The Paris Residences of James Joyce
This book presents a narrative and photographic journey of the hotels and apartments where James Joyce lived for twenty years in 1920s and 1930s Paris.
In June 1920, at the age of 38, the Irish author sought a city where he could finish Ulysses—one of the finest literary works in history. He arrived in Paris on the recommendation of Ezra Pound on 8 July and stayed for 20 years. With Nora, fifteen-year-old Giorgio and thirteen-year-old Lucia, he moved in and out of 18 residences in five arrondissements in Paris. Which arrondissements did he prefer? Which residence was the first place with the luxury of a telephone? Who did he entertain, and where was he most productive and creative?
This book is both a guide for the armchair wanderer and a roadmap for Joyce aficionados in Paris. It provides new insights into Joyce’s life in Paris, based around the changing locations, styles, and sizes of his residences, depending upon the fluctuations of his finances. This book is a rich collection of information about each residence with an historical account of the duration, cost, lifestyle, and cultural atmosphere amid the significance of the social times.
Martina Nicolls holds an MSc in Communications, and has over 35 years’ experience in aid development monitoring and evaluation, peace and stabilization, human rights, education, and science communication. She has also presented papers on European literature at various international conferences.
“James Joyce, like many Irish people before him and after him, found in Paris the refuge they needed from the oppressive and repressive social and political atmosphere of Dublin. […] Frequently short of money, the Joyce family moved between hotels, apartments and the guest rooms of friends. Martina Nicholls has now produced a handy topographical guide to no less than twenty-three Joyce addresses, all photographed by herself, and identified with google maps. […]For although all readers will know about Hemingway, and probably most readers will know about Sylvia Beach, as with Ulysses and Finnegans Wake there is always something new to be learned, for the book notices a great many bit-part players, all of whom are listed in an appendix […] Written in jaunty prose, with many discursions, this book, hardcovered and modestly sized, should be profitably read between walks, perhaps in the Café Flore or the Jardin du Luxembourg (the Luxembourg Garden), as a prelude to deeper immersion in James Joyce, or Paris, or both.”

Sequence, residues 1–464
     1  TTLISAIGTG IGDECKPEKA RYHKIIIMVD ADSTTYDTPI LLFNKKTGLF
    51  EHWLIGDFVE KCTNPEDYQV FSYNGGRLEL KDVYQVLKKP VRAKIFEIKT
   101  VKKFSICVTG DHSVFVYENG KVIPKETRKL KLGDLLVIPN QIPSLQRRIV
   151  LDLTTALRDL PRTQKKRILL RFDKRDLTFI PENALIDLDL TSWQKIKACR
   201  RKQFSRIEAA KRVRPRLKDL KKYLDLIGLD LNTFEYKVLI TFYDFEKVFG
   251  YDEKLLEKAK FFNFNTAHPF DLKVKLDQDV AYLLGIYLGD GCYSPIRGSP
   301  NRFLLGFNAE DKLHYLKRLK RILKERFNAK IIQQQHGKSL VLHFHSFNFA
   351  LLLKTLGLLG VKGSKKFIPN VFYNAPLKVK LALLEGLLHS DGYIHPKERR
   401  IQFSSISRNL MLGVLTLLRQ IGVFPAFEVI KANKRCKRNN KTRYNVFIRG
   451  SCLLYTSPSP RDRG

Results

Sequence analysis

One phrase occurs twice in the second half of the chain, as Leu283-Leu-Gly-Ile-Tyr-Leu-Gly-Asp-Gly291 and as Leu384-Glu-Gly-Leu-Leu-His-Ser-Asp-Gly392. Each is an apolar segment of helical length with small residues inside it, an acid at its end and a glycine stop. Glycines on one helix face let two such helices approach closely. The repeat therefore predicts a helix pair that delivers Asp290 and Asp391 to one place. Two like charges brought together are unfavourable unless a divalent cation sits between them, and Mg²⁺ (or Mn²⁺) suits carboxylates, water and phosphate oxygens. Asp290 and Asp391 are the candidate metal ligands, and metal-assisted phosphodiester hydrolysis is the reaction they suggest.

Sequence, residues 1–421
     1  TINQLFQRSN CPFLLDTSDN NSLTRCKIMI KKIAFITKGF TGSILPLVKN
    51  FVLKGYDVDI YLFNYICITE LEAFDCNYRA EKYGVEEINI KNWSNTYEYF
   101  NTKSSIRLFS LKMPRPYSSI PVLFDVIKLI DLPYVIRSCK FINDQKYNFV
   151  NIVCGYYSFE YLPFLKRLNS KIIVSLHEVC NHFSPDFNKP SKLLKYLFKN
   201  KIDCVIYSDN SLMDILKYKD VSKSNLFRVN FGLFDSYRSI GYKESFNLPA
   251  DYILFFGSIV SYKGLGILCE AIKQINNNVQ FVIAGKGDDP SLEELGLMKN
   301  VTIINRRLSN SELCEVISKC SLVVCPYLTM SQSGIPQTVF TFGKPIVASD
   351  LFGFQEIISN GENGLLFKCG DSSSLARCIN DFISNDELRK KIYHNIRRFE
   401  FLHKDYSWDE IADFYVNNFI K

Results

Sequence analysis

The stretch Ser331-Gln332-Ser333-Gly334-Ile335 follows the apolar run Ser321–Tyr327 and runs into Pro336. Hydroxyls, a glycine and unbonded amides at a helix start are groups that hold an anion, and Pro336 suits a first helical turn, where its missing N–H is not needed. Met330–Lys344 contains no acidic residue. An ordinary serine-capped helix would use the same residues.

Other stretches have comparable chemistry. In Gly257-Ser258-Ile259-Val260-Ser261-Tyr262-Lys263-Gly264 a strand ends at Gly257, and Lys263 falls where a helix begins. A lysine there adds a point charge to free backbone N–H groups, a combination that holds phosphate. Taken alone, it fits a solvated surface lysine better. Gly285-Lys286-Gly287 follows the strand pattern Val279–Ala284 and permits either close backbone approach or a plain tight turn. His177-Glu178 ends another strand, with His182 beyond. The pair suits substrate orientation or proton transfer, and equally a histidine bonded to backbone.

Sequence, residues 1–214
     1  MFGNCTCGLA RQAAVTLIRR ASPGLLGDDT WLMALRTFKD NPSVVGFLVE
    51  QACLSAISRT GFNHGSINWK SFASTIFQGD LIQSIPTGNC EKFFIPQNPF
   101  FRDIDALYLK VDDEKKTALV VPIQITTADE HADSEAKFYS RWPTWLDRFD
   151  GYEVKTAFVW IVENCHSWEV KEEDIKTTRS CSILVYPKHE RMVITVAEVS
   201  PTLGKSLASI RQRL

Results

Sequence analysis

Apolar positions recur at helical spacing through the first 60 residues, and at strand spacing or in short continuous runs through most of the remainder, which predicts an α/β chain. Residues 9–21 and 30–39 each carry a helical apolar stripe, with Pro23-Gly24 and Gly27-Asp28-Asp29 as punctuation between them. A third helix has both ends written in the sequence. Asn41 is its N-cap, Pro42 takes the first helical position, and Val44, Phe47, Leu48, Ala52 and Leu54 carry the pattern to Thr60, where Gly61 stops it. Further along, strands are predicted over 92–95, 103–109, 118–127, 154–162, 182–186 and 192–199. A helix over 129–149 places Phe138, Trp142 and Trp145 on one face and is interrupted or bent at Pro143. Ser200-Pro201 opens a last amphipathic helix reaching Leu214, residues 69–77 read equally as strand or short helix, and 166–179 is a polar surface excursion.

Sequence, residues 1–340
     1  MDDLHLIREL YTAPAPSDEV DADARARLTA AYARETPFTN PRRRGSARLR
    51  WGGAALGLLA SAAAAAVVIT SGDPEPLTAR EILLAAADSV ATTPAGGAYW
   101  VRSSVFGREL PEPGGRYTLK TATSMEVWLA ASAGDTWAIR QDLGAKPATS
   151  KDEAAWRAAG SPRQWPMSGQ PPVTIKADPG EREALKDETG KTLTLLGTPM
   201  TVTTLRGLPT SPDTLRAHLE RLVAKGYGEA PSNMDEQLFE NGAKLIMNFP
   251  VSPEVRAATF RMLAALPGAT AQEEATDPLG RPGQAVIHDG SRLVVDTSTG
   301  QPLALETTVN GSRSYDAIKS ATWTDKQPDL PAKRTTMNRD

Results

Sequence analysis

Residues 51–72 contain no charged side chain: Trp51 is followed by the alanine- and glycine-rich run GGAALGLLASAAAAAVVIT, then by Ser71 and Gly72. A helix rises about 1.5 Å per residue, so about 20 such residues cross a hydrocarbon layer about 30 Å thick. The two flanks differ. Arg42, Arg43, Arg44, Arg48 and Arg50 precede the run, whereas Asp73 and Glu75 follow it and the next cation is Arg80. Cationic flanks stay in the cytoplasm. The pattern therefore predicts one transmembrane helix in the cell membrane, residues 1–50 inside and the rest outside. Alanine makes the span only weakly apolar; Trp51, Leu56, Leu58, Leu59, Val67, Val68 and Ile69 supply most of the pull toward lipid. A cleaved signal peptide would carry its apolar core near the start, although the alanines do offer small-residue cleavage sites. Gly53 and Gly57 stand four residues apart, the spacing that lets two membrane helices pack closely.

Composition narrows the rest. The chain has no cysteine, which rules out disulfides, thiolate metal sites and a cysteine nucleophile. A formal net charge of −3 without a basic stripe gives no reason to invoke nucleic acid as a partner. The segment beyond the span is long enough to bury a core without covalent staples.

David Charles Rose
Author, Oscar Wilde's Elegant Republic: Transformation, Dislocation and Fantasy in fin-de-siècle Paris
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